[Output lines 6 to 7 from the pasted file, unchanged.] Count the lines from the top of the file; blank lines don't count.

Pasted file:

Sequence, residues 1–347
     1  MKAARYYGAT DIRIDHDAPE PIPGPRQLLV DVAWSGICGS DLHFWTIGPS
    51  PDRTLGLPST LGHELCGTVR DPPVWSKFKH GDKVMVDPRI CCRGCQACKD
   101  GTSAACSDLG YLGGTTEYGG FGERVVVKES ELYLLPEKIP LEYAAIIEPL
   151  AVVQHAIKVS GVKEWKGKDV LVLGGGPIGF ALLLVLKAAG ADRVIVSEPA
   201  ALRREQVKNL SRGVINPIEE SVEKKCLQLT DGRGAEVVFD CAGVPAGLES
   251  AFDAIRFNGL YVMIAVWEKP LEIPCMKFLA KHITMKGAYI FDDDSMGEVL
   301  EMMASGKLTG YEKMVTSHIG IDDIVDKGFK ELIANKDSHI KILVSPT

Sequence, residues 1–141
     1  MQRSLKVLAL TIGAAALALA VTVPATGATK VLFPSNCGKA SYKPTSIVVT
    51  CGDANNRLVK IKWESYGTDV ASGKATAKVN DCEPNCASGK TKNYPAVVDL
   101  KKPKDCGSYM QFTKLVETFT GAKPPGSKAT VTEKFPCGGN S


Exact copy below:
   201  ALRREQVKNL SRGVINPIEE SVEKKCLQLT DGRGAEVVFD CAGVPAGLES
   251  AFDAIRFNGL YVMIAVWEKP LEIPCMKFLA KHITMKGAYI FDDDSMGEVL